- ^ The Historian C. H. Firth speculates that the concession of hanging and burial rather than the usual punishment being hanged, drawn and quartered was probably due to the loyalty of other members of his family to the Royalist cause. One brother, Thomas Hacker, was killed fighting for the King's cause. Another, Rowland Hacker, was an active commander for the King in Nottinghamshire, and lost his hand in his service.
- ^ Image from Caulfield 1820
- ^ Firth 1890, p. 416 cites: Briscoe, Old Nottinghamshire, 1st ser. p. 130.
- ^ Firth 1890, p. 416 cites: Husband, Ordinances, 1646, p. 521.
- ^ Firth 1890, p. 416 cites: Commons' Journals, 25 December 1643.
- ^ Firth 1890, p. 416 cites: J.F. Hollings, History of Leicester during the Civil War, pp. 53, 62.
- ^ Firth 1890, pp. 416–417 cites: An Examination Examined, 1645, p. 15).
- ^ Firth 1890, p. 417 cites: Memoirs of Col. Hutchinson, ed. 1885, p. 384.
- ^ Firth 1890, p. 417 cites: Trials of the Regicides, pp. 217–226, ed. 1660.
- ^ Firth 1890, p. 417 cites: Memoirs of Sir Thomas Herbert, ed. 1702, pp. 121, 132, 135.
- ^ Firth 1890, p. 417 cites: Carlyle Letter clxii
- ^ Firth 1890, p. 417 cites: Fox, Journal, p. 136.
- ^ Firth 1890, p. 417 cites: A Collection of the Lives, Speeches, &c., of those Persons lately Executed, 1661, p. 170.
- ^ Firth 1890, p. 417 cites: Thurloe, iii. 148, 395, iv. 248, 598, 720.
- ^ Firth 1890, p. 417 cites: Lives, Speeches, etc, p. 175.
- ^ Firth 1890, p. 417 cites: Hutchinson Memoirs, ii. 179; Clarendon State Papers, iii. 53.
- ^ Firth 1890, p. 417 cites: Ludlow, Memoirs, ed. 1751, p. 253; Commons' Journals, vii. 675.
- ^ Firth 1890, p. 417 cites: Hutchinson, Memoirs, ii. 234 ; Baker, Chronicle, ed. 1670, p. 691.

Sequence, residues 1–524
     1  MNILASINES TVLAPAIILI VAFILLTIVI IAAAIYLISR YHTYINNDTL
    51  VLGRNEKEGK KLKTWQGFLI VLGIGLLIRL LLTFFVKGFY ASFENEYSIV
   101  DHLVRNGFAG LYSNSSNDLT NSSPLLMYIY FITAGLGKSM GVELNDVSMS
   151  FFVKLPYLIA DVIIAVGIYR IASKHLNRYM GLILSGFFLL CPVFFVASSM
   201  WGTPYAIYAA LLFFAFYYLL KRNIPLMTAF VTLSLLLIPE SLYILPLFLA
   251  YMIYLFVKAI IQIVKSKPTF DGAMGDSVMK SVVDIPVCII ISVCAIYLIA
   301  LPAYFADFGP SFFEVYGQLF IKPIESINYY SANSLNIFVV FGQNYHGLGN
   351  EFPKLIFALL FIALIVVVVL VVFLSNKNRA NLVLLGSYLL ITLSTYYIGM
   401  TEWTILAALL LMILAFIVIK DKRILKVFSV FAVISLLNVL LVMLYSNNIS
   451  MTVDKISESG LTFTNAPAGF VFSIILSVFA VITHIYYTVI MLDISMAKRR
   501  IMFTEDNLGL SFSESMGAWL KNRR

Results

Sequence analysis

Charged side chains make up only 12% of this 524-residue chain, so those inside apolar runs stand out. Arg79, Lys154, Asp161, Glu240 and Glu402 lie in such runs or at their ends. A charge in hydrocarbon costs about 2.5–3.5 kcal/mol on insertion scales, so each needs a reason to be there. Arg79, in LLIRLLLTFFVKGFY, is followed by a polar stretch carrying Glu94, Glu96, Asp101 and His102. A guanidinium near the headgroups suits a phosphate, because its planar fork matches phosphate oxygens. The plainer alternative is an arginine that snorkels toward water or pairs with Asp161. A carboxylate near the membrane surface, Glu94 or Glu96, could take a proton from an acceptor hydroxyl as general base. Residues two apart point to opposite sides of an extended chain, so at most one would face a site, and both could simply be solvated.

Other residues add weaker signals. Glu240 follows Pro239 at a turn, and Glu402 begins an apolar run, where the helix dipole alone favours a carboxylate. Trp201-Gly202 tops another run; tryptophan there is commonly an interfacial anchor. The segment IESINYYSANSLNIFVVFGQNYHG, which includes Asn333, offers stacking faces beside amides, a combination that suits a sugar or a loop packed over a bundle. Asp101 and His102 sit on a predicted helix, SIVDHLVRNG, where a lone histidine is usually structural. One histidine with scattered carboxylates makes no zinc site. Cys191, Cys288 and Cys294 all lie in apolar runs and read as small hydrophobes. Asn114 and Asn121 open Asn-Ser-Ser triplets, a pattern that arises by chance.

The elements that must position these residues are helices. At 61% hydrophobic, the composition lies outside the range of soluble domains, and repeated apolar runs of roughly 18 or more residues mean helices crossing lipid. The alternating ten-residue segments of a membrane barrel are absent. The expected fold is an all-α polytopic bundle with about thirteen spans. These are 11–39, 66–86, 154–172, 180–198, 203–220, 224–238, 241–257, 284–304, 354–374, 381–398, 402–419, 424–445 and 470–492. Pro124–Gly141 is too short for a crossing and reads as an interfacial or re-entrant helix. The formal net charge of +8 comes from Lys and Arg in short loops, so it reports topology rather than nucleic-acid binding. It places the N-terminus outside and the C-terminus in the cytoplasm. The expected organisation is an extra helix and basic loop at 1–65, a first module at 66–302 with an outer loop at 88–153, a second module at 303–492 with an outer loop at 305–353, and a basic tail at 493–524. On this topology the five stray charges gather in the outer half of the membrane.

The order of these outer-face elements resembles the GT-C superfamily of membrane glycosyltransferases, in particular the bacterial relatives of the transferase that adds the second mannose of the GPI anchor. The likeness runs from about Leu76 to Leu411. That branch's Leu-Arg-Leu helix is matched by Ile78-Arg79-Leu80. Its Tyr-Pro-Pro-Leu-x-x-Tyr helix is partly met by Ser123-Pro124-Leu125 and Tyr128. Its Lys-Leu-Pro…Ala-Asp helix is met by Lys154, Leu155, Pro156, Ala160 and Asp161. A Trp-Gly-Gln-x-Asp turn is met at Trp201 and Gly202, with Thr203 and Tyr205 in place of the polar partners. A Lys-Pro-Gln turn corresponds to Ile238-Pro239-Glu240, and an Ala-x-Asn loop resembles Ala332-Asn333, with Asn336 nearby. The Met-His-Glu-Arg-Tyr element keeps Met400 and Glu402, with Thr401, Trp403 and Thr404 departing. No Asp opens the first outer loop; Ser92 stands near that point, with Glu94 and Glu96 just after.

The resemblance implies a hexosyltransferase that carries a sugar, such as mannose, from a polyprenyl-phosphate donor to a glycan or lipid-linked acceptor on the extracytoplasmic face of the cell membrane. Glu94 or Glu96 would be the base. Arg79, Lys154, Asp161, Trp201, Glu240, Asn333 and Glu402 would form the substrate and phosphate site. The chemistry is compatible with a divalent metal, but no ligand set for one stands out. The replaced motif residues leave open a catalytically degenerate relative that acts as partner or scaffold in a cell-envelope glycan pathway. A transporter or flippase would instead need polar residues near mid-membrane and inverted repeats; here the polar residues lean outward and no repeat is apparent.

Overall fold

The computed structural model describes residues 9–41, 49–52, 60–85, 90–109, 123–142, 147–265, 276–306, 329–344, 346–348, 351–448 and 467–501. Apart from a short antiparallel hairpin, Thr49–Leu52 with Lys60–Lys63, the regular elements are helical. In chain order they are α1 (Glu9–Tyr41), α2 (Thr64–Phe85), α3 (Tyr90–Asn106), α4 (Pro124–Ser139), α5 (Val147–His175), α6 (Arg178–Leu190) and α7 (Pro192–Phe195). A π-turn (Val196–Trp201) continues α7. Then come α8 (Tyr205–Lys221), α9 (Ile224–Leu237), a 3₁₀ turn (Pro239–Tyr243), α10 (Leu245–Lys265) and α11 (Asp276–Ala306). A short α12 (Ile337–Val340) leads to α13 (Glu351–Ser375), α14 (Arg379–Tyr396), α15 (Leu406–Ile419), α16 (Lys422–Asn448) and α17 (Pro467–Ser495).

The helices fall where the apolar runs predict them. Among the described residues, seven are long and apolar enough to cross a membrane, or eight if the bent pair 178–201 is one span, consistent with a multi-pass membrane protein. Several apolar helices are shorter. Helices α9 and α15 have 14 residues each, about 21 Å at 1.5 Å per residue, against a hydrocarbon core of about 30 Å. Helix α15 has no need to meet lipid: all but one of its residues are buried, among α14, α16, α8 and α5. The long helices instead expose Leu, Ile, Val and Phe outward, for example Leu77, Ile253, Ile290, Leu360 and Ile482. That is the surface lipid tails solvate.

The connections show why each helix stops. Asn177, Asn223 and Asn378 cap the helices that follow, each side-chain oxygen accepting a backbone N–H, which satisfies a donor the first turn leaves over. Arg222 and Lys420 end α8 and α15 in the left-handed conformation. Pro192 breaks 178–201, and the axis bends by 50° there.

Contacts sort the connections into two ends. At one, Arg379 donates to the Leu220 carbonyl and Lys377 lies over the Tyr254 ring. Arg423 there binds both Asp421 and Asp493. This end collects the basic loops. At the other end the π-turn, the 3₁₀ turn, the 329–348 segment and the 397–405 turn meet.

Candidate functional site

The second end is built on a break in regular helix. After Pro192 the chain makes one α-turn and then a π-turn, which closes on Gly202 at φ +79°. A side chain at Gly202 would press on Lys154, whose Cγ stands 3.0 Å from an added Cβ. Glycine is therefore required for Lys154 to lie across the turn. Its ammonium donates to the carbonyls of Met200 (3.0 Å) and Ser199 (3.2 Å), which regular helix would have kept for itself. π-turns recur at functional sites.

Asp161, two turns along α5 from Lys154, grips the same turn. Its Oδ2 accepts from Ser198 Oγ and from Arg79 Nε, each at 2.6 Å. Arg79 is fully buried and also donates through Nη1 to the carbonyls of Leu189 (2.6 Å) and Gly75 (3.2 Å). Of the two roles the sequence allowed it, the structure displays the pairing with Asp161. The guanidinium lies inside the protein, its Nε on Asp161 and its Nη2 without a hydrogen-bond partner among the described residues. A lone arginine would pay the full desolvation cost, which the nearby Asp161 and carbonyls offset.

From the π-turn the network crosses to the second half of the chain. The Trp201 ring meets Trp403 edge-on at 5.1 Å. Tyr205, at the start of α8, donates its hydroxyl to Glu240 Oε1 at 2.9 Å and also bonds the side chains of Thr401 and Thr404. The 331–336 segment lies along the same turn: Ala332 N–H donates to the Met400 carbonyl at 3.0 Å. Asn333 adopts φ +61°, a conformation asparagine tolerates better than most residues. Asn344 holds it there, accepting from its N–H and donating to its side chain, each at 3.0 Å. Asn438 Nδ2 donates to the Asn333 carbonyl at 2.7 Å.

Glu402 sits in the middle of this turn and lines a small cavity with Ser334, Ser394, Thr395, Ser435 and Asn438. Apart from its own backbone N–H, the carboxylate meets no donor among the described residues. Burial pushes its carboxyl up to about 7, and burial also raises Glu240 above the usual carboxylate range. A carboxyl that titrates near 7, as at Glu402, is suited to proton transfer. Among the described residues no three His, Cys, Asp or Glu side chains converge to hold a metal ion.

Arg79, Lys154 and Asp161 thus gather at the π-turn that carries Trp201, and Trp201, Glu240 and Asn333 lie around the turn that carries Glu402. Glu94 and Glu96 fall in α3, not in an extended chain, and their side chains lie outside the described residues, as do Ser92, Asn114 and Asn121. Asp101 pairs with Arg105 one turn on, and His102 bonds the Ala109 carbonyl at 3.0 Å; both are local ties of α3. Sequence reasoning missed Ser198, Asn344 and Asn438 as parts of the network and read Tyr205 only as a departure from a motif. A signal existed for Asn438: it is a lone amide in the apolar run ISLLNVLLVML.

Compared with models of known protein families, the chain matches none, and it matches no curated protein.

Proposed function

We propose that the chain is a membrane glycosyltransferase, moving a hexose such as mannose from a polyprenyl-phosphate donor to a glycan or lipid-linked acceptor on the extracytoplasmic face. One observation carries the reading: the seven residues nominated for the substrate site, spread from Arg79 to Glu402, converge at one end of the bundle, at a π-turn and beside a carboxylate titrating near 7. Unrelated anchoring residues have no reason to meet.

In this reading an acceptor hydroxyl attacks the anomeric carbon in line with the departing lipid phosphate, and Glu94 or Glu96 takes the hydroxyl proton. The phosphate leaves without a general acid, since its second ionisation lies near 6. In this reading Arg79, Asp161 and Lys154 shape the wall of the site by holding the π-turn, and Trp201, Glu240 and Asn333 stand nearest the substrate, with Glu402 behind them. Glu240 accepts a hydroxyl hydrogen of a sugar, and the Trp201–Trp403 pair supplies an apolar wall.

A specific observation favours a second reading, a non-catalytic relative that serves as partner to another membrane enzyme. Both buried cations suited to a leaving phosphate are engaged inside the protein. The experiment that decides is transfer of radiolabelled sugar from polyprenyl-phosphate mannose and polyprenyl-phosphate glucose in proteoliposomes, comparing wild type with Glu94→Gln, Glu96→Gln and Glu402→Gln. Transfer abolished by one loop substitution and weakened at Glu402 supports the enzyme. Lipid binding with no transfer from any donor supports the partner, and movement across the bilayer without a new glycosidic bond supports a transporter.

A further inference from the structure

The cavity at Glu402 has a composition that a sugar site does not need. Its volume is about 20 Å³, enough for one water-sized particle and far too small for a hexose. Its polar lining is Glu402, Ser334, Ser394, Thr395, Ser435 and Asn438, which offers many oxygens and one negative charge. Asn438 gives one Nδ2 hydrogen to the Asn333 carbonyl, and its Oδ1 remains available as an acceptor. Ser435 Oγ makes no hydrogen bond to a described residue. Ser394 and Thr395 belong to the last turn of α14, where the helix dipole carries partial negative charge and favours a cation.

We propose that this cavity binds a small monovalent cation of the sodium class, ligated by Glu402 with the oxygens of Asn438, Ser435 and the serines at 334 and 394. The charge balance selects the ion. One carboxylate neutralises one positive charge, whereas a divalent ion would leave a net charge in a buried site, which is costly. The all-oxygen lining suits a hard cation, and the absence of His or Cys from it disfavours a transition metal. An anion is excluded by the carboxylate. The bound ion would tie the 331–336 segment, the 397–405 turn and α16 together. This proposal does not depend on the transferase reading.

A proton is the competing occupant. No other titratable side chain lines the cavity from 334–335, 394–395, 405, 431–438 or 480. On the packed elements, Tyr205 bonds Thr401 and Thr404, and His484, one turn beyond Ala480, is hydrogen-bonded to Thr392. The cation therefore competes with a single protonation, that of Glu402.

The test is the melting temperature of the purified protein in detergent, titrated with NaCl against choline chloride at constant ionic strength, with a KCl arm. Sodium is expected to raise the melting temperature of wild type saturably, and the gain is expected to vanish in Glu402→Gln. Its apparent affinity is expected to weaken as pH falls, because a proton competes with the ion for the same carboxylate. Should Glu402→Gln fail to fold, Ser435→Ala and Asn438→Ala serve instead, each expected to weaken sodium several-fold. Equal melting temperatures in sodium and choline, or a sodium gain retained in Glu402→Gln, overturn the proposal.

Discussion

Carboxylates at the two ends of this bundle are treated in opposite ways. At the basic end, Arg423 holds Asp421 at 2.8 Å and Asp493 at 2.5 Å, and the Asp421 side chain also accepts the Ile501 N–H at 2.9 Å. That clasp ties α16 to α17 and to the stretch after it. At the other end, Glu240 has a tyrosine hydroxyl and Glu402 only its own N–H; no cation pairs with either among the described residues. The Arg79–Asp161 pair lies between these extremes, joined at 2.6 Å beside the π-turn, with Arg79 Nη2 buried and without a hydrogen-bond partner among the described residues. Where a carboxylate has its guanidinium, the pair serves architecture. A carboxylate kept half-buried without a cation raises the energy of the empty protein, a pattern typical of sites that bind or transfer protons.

- ^ Firth 1890, p. 417 cites: Commons' Journals, vii. 824.
- ^ Firth 1890, p. 417 cites: Mercurius Publicus, 28 June-5 July 1660, ib. 5–12 July.
- ^ Firth 1890, p. 417 cites: Journals of the House of Lords, xi. 100, 104, 113; Hutchinson, Memoirs, ii. 253.
- ^ Firth 1890, p. 417 cites: Journals of the House of Lords, xi. 114; Commons' Journals, viii. 118.
- ^ Firth 1890, p. 417 cites: Trials of the Regicides, p. 224.
- ^ Granger 1824, pp. 137–138.
- ^ a b c d Granger 1824, pp. 137–138..
- ^ Firth 1890, p. 417.
- ^ Firth 1890, p. 417 cites: Cal State Papers, Dom. 1660-1, p. 316; Briscoe, Old Nottinghamshire, p. 134.
- ^ Firth 1890, p. 417 Briscoe, p. 134.
- ^ Firth 1890, p. 417 cites: Cal. State Papers, Dom. 1660-1, p. 339; Hutchinson, i. 262, 312.
- ^ Firth 1890, pp. 417–418.
- Caulfield, James (1820). The High Court of Justice: Comprising Memoirs of the Principal Persons, who sat in Judgment on King Charles the First and Signed his Death Warrant. London.
- This article incorporates text from a publication now in the public domain: Firth, Charles Harding (1890). "Hacker, Francis". In Stephen, Leslie; Lee, Sidney (eds.). Dictionary of National Biography. Vol. 23. London: Smith, Elder & Co. pp. 416–418.
- This article incorporates text from this source, which is in the public domain: Granger, James (1824). A Biographical History of England: From Egbert the Great to the Revolution. ... Vol. V. W. Baynes and Son. pp. 137, 138.
- Hutchinson, Lucy (1906), "Appendix XXX: The Fight in Willoughby Field, July 5, 1648.", Memoirs of Colonel Hutchinson
- Beardsley, W.F. (27 January 1908), "An account of the battle of Willoughby Field in the County of Nottingham (a paper read at the Meeting held on 27th January 1908)" (PDF), Transactions of the Leicestershire Architectural and Archaeological Society (published 1912), vol. 10, pp. 79–88